28. Charles Knight says:

    Sounds desperately sad to me, that comics is still such a backwater that they had to do gimmicks like this. The name is not a great choice either.

  29. Tom Spurgeon says:

    My fondest wish for the comics is that they’re half as entertaining as this response thread.

  30. The Beat says:

    Where is the “just right” oatmeal that will finally make the internet happy and slumbering peacefully in someone else’s bed?

  31. Sylvia says:

    Uninterested. Marvel female characters are totally bores. They’re only saving grace are the X-Women: Jean Grey, Rogue, Storm, Psylocke, The White Queen. The X-Books have the best female characters, and not those generic versions of male heroes. Spider-WOMAN? SHE-Hulk? MS. Marvel? Really? Pass.

  32. Dave Thompson says:

    I’m excited for this – I’ll read the hell out of anything amanda conner touches and that’s just a simple fact. the rest of the names on here are fantastic too, and I’m excited to see what’s in store for us.

    to the critics: read it before you complain. If you think the concept is sexist or a gimmick, think about all the fantastic creators that are signed on to this – if this truly was a horrible misogynist gimmick, don’t you think the creators on board would avoid this project like the plague?

    Grow up and enjoy good things when we get them.

  33. Richard says:

    Tom: I second your wish.

    All: Anybody know if Stephanie Buscema, mentioned above as one of the contributors, is in any way related to artists Sal or John Buscema?

  34. Personally, I think the book’s name is spot on. Why try to come up with anything clever and then have potential customers miss the point? And I applaud Marvel for doing a so-called “Big Two stunt” that I can actually get behind.

  35. Joe Lawler says:

    According to her website, she’s John’s granddaughter.

    http://www.stephaniebuscema.com/

  36. Well, if you’re trying to make a comic for girls, having it created by women is certainly the logical choice (obviously). And if it’s done really well, it’ll naturally find a cross-over audience.

  37. Ike Iszany says:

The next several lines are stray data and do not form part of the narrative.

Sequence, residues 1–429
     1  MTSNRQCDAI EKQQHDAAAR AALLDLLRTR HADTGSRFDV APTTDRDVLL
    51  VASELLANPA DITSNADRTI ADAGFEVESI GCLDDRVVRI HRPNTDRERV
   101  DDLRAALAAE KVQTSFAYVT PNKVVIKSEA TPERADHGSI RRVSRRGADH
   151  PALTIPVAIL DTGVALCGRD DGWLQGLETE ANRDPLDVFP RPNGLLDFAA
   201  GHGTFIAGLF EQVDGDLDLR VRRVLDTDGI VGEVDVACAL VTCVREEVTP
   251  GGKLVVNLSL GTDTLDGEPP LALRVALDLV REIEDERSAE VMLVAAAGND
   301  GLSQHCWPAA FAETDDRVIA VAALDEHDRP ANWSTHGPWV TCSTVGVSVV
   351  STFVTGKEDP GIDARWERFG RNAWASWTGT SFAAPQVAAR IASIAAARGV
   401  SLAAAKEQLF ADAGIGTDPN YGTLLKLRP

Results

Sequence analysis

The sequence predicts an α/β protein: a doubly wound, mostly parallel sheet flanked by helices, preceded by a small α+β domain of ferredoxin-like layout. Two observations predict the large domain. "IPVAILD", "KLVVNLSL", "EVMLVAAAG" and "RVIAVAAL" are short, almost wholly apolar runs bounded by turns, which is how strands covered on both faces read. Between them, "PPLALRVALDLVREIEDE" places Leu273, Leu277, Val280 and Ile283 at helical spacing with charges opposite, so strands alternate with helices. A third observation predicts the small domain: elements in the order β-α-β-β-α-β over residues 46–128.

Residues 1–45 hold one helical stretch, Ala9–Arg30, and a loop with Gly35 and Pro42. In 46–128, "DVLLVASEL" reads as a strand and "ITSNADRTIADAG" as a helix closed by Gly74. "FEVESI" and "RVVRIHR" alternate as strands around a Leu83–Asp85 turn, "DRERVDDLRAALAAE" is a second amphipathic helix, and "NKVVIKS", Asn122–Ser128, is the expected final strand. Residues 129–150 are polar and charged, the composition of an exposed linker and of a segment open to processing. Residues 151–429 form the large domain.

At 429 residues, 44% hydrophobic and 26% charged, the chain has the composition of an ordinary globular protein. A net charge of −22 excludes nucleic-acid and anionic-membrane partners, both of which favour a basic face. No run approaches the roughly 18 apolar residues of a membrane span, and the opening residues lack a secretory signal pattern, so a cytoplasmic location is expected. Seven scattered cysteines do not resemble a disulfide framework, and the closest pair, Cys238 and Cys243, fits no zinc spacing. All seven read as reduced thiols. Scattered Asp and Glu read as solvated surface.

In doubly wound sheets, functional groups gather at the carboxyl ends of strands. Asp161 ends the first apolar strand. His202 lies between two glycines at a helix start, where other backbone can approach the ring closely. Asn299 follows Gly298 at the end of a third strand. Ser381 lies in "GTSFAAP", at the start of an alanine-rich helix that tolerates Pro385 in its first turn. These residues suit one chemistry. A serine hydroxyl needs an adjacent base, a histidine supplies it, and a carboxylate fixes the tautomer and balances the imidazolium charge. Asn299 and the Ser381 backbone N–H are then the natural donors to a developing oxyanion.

So if they are produced by women it’s ok to have lots of cleavage and big fake looking tits on the cover?

    Richard…Stephanie Buscema is John’s granddaughter.

  38. She is Big John’s grandaughter.

  39. or what joe and ike said.

  40. Stephen Wacker says:

    ::Sigh::

    When will straight (mildy chubby) men get a break in comics!

    I’m pitching Boy Comics at this week’s meeting.

    -Wacker

  41. Richard says:

    Thanks, Joe!

  42. Joseph says:

    I’m looking forward to reading and sharing this with my 17 and 10 year old daughters.

  43. Of course, if you REALLY wanted to sell comics to girls, you’d do something like AMERICAN GIRL comics… those would sell like hotcakes.

  44. Really don’t mean to stir, but how many of the characters were created by women? Typhoid Mary?

    //Oo/\

  45. Well, haters are gonna hate.

  46. M. RaindancerStahl says:

    When Marvel puts good effort, faith, and promotion into a female character who is more interested in kicking a$$ than getting married (because that’s just her way, not because “a MAN dun her rong” or she’s a “lez-bean”) — THEN I will add a Marvel title to my pull.

  47. It’s worth noting that this is a revival of an old name–Marvel/Atlas actually published a series called “Girl Comics” in 1949-1951. See http://www.comics.org/series/639/covers/

    Colleen Coover + Ann Nocenti + Carla Speed McNeil = I can’t wait to see this.